Have you ever longed to be great; rising above average; seeking to outshine the dross that surrounds you? You leap for the stars and barely leave the ground. It may be easy to blame your life-situation, pointing at your neighborhood or your family or your school, but others seem to be able to rocket above their circumstances. Maybe what weighs you down is something more elemental or maybe it is a combination of things. Oh, sure, it takes hard work, but you have come to realize that it involves other things as well. Things like natural ability, charisma, and just plain stupid luck. Sometimes, people are noticed simply because they were in the right place at the right time. So, where does that leave the rest of us? Are we meant to spend our life wishing and longing for what is out of our reach? Maybe we need to reboot our definition of greatness.

              In Luke 7:24-28 Jesus answers the question, “Who is greater in the kingdom of God?” The two messengers of John, who had been sent to ask Jesus a question, have gone their merry way. Jesus addresses the crowd and asks them what they went out into the wilderness to see. Was it a reed shaken by the wind? Is Jesus asking, “Did you go out to see a wishy-washy man out there in the desert?” And the obvious answer would have been “No!” Many seem to think this is the point. But maybe the point was how common place reeds in the desert were. Sure, you can find many a reed out there, but is that why you went? Either way, John was neither wishy-washy nor common. How about a man dressed in soft indulgent clothing? Now that is rare, but are you likely to find such a one out in the wasteland, getting his luxuriant garments all dusty and sweaty? No, if they had wanted to see someone so dressed, they would have gone to the royal palace where they would have most likely been turned away.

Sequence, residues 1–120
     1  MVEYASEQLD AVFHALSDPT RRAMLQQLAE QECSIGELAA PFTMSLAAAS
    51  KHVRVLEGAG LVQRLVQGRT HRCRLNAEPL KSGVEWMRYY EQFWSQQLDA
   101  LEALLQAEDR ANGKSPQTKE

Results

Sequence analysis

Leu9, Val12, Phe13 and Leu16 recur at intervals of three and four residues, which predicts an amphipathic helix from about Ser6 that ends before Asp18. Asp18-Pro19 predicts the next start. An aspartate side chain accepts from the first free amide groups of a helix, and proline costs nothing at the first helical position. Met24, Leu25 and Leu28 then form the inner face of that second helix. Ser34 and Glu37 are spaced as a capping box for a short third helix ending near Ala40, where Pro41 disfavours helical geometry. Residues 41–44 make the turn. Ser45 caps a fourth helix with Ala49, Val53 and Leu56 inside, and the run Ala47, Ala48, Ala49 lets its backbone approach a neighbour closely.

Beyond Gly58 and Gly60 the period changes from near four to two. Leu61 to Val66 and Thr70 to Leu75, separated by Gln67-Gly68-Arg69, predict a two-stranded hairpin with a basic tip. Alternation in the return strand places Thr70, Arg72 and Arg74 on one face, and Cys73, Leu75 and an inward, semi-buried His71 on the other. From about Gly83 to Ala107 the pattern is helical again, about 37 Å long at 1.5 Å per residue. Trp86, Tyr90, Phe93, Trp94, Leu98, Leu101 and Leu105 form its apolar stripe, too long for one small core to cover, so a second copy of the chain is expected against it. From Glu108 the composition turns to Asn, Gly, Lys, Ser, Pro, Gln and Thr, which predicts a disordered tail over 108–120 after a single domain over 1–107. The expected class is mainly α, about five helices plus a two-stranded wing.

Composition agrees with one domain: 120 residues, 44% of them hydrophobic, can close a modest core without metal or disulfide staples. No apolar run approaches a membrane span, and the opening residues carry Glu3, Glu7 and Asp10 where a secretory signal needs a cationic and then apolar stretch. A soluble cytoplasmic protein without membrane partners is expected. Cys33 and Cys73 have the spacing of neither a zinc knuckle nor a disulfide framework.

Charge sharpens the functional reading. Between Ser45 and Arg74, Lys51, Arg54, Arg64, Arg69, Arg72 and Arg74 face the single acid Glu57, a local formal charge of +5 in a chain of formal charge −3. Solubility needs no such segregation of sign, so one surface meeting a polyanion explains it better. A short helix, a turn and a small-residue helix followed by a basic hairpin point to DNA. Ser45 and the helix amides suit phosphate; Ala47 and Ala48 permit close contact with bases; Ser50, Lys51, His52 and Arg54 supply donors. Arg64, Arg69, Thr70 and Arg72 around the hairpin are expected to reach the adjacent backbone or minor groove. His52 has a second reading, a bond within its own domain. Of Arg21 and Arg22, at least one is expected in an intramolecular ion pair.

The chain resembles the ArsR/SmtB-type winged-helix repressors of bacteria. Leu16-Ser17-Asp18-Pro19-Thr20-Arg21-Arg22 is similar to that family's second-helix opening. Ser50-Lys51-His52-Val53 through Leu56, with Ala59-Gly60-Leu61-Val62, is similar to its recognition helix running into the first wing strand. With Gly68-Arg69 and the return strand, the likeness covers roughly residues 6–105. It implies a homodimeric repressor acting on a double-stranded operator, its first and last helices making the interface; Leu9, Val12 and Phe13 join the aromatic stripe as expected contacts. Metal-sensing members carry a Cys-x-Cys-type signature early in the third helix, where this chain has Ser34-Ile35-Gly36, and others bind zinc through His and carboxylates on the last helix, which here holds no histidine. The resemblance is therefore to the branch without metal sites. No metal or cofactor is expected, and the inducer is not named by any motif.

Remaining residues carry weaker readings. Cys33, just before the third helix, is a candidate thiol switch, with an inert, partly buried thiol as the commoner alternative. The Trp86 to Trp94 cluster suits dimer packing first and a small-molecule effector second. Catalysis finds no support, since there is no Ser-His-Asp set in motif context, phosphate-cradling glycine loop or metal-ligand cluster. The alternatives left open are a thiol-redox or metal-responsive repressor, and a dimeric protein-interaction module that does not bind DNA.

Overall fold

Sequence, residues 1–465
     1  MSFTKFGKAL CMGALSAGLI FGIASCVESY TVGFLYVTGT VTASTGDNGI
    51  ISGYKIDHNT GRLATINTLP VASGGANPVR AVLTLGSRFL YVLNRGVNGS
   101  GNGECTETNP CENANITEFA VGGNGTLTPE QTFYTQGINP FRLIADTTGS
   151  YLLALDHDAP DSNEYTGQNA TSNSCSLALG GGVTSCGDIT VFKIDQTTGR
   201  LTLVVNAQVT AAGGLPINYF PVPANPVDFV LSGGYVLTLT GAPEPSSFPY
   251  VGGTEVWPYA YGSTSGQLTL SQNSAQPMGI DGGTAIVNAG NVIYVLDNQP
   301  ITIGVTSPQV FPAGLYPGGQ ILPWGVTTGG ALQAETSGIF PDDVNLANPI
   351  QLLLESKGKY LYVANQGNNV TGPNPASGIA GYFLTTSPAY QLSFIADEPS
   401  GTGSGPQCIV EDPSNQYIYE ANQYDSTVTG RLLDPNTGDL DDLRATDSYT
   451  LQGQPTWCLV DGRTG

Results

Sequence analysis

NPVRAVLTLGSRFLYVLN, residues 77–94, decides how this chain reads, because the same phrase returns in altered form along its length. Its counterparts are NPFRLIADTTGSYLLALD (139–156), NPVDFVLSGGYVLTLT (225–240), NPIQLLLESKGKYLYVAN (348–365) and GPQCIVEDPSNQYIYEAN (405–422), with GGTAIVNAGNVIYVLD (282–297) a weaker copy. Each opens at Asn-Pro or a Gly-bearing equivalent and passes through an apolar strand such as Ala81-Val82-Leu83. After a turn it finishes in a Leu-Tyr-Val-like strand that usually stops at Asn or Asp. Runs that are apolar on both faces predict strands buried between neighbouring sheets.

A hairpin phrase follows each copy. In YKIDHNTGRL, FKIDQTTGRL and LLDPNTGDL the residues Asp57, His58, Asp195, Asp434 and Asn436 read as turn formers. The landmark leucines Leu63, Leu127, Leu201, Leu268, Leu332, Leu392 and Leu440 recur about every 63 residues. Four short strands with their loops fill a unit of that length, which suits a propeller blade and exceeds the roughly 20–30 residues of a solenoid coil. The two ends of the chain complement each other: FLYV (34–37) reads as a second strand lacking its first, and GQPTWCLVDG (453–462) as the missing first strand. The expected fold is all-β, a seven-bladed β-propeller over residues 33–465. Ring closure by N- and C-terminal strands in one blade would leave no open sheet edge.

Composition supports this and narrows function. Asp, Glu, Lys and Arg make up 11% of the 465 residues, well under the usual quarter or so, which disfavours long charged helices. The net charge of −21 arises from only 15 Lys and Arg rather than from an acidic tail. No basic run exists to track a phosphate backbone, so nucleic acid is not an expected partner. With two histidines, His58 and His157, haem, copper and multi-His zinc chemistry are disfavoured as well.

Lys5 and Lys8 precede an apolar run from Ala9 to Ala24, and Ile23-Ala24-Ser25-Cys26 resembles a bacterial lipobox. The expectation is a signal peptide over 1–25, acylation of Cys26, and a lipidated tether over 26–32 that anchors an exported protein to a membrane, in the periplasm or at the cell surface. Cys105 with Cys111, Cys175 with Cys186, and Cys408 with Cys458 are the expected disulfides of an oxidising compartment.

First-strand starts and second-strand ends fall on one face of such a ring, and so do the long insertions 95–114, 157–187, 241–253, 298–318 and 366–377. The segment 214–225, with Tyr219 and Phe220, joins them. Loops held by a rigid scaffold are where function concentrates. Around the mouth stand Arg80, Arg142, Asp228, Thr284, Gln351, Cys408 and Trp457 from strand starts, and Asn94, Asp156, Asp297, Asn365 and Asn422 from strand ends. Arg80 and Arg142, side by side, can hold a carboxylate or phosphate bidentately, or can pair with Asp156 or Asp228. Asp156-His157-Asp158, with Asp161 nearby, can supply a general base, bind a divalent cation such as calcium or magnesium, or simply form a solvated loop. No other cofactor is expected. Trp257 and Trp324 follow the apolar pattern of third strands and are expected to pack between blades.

No, they went out to see a prophet – a proclaimer of a divine message. We hear the word “prophet” and we think “a proclaimer of future events.” But the Hebrew word for “prophet” simply means “proclaimer.” The Greek word has the idea of “one who stands before to proclaim.” It is used in the Bible for a man or woman who is standing before the people to deliver a message from God, whether that message be about what is about to take place or an interpretation of what has already happened. So, the crowd went out to the desert to see John stand before them and proclaim a divine message. But John was more than a prophet; he was the one sent by God to prepare the way for the coming Messiah. Other prophets may have announced his future coming, but John was the one who was chosen to make his road ready, and that would make John the prophesied coming of Elijah (Malachi 3:1; 4:5).

              And then Jesus wraps his comments up about John by saying that among those born of women there is no one greater than John. What? Jesus was born of a woman. Is he saying that John is greater than himself? And shouldn’t we avoid all of these making comparisons? Jesus just goes on and makes another comparison: even though no one is greater than John, the littlest or least, which can refer to age or importance, in the kingdom of God is greater than John. What? Will John not be in the kingdom? Back it up a minute. What if Jesus is speaking of roles and position? What did they flock out into the desert to see? The one who was preparing the way for the Messiah. That is what made John great. His role. Not royal status or ability. He was chosen to proclaim the divine message to get people ready for the Coming One. And that role, given to him by God, is what made him greater. And who is he preparing the way for? Jesus, the Messiah, the Coming One. And the least, the normally discarded and dismissed, who are in the kingdom, will be doing kingdom work. That makes them greater than John.

              There may be some who will disparage you and your contribution. You may feel as if your life is little, mundane, insignificant. But if you belong to the king, he makes you great. You are doing kingdom work. Will people discuss your greatness in coffee shops? Will your face be seen in newspapers or on the TV? Will you outshine the dross of mundane life? If your definition of greatness is recognition, you may never achieve it. But if your definition of greatness is the gift of kingdom existence, kingdom ministry, well then, you can and will be great. And this is the shame of the gospel. It is not about your ability; your intelligence; your charisma; your luck. It is about the greatness of the Giver. He has a kingdom and kingdom work for you. Enter in and be great my friend. Peace, Walter